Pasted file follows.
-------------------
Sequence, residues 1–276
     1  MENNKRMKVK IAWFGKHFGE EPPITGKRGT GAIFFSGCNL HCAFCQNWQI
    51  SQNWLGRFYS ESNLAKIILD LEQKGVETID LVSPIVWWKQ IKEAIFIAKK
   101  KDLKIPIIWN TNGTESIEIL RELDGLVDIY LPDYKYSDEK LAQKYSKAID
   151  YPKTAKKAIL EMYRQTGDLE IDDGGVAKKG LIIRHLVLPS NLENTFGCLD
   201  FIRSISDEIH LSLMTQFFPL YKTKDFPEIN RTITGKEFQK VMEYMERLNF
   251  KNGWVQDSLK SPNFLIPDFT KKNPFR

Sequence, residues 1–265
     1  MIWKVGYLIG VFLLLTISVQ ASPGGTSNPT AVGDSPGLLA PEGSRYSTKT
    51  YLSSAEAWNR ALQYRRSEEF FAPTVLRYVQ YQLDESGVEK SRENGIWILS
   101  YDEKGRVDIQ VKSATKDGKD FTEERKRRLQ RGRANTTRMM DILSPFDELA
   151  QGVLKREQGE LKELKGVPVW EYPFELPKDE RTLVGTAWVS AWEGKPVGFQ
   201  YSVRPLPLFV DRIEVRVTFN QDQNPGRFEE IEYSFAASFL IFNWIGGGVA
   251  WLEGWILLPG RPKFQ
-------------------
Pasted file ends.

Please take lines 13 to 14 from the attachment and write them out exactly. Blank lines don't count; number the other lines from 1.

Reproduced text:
   201  YSVRPLPLFV DRIEVRVTFN QDQNPGRFEE IEYSFAASFL IFNWIGGGVA
   251  WLEGWILLPG RPKFQ